Hackers use stolen credentials to beat Norton Password Manager, and more.
Welcome to Cyber Security Today. It’s Monday, January 16th, 2023. I’m Howard Solomon, contributing reporter on cybersecurity for ITWorldCanada.com and TechNewsday.com in the U.S.
Using a password manager application to keep track of your passwords for the office or home is an essential element of good cybersecurity. However, using a poor password for logging into the password manager is a recipe for disaster. The latest example is a warning being issued to users of Norton LifeLock Password Manager. Notices are going out to over 6,000 people in the U.S. and possibly many more around the world after Norton detected a large volume of attempted logins into subscriber accounts last month. A hacker was using stolen lists of usernames and passwords to brute force their way into Norton Password Manager. These credentials weren’t stolen from Norton. They were likely stolen by hackers in other attacks and sold on the dark web. Some people have trouble understanding that they may have created a safe 16-character password for any password manager, but if they also use it for their email, or Facebook, or Instagram or stamp collecting site or any other site and it’s stolen, crooks will try to use it somewhere else. Norton’s parent company, Gen Digital, told the Bleeping Computer news service that 925,000 active and inactive accounts may have been targeted. That means the hacker had a list of 925,000 stolen passwords. Remember, there’s no shortcut to good security.
Hackers are trying to exploit Linux environments running unpatched versions of a server administration utility called Control Web Panel. Formerly called CentOS Web Panel, the patch for the serious vulnerability has been available since October. However, according to a news report advisories didn’t go public until earlier this month. A commentator with the SANS Institute notes that smart Linux administrators know this interface should not be exposed to the internet. If remote access is needed a VPN or other security connectivity method should be used. The commentator says a quick look on the internet suggests there are only a few instances of Control Web Panel currently exposed to the internet. Still, researchers at GreyNoise say attempts to exploit this hole have recently increased.
Last October also saw ManageEngine issue patches for a number of its IT management products. They close a vulnerability if administrators have enabled single-sign-on for authentication and identity management. Hopefully the patches have been installed by now. For administrators worried if they were compromised before the patches were installed researchers at Horizon3 AI have created indicators of compromise that security teams should watch for. The company says a search shows there are likely thousands of instances of ManageEngine products exposed to the internet with single-sign-on enabled. Hopefully they all have been patched.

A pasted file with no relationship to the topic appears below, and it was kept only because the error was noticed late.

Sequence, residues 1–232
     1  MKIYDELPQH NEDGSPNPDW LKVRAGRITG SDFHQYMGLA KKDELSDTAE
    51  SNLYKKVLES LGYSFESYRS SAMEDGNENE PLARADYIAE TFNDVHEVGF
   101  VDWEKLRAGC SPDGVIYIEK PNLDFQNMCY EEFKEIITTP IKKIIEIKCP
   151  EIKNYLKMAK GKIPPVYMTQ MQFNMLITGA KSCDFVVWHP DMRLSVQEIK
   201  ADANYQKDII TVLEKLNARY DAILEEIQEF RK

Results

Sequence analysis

Governments and government-related organizations using Fortinet’s FortiOS VPN are being targeted by an unnamed threat actor. According to researchers at Fortinet, the goal is to exploit a vulnerability first revealed in December. Last week Fortinet expanded on that report, saying the attackers are trying to install a variant of a generic Linux malware that has been customized for the Fortinet operating system. If they haven’t already done so Fortinet administrators should disable the VPN connectivity, then upgrade to the latest release of the operating system.
Separately, Fortinet researchers warned Python developers of three malicious packages in the PyPI repository of free code libraries. The packages promise to be utilities from an author called ‘Lolip0p’. However, they link to malware. The suspicious libraries are called ‘colorslib’, ‘httpslib’ and ‘libhttps.’ As I have said before, developers have to be careful before downloading packages of code from any open repository, especially from new authors.
Finally, Juniper Networks has released 32 security advisories for a number of its products. According to Security Week, they include dealing with about 24 vulnerabilities in the Junos operating system. Administrators of Juniper network devices should be prioritizing the patches.
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